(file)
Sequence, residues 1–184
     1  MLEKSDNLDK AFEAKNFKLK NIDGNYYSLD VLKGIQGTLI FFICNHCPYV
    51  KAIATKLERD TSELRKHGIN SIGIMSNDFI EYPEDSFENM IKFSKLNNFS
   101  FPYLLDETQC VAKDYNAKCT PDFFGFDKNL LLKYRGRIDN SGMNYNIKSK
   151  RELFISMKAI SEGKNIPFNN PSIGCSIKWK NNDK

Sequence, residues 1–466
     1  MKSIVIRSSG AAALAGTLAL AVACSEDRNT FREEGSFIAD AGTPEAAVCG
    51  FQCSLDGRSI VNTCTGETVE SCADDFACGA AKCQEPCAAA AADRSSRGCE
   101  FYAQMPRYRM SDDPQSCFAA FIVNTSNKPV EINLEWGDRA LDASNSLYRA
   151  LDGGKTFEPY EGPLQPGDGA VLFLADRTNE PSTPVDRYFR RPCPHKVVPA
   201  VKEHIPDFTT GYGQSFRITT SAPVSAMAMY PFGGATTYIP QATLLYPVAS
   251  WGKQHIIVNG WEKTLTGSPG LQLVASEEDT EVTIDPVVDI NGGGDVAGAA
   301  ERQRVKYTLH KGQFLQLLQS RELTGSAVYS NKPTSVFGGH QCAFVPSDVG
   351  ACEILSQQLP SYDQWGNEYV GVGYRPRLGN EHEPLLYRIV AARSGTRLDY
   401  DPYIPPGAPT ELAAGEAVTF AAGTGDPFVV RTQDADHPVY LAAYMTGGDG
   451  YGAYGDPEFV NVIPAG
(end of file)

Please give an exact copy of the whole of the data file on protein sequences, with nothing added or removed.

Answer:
Sequence, residues 1–184
     1  MLEKSDNLDK AFEAKNFKLK NIDGNYYSLD VLKGIQGTLI FFICNHCPYV
    51  KAIATKLERD TSELRKHGIN SIGIMSNDFI EYPEDSFENM IKFSKLNNFS
   101  FPYLLDETQC VAKDYNAKCT PDFFGFDKNL LLKYRGRIDN SGMNYNIKSK
   151  RELFISMKAI SEGKNIPFNN PSIGCSIKWK NNDK

Sequence, residues 1–466
     1  MKSIVIRSSG AAALAGTLAL AVACSEDRNT FREEGSFIAD AGTPEAAVCG
    51  FQCSLDGRSI VNTCTGETVE SCADDFACGA AKCQEPCAAA AADRSSRGCE
   101  FYAQMPRYRM SDDPQSCFAA FIVNTSNKPV EINLEWGDRA LDASNSLYRA
   151  LDGGKTFEPY EGPLQPGDGA VLFLADRTNE PSTPVDRYFR RPCPHKVVPA
   201  VKEHIPDFTT GYGQSFRITT SAPVSAMAMY PFGGATTYIP QATLLYPVAS
   251  WGKQHIIVNG WEKTLTGSPG LQLVASEEDT EVTIDPVVDI NGGGDVAGAA
   301  ERQRVKYTLH KGQFLQLLQS RELTGSAVYS NKPTSVFGGH QCAFVPSDVG
   351  ACEILSQQLP SYDQWGNEYV GVGYRPRLGN EHEPLLYRIV AARSGTRLDY
   401  DPYIPPGAPT ELAAGEAVTF AAGTGDPFVV RTQDADHPVY LAAYMTGGDG
   451  YGAYGDPEFV NVIPAG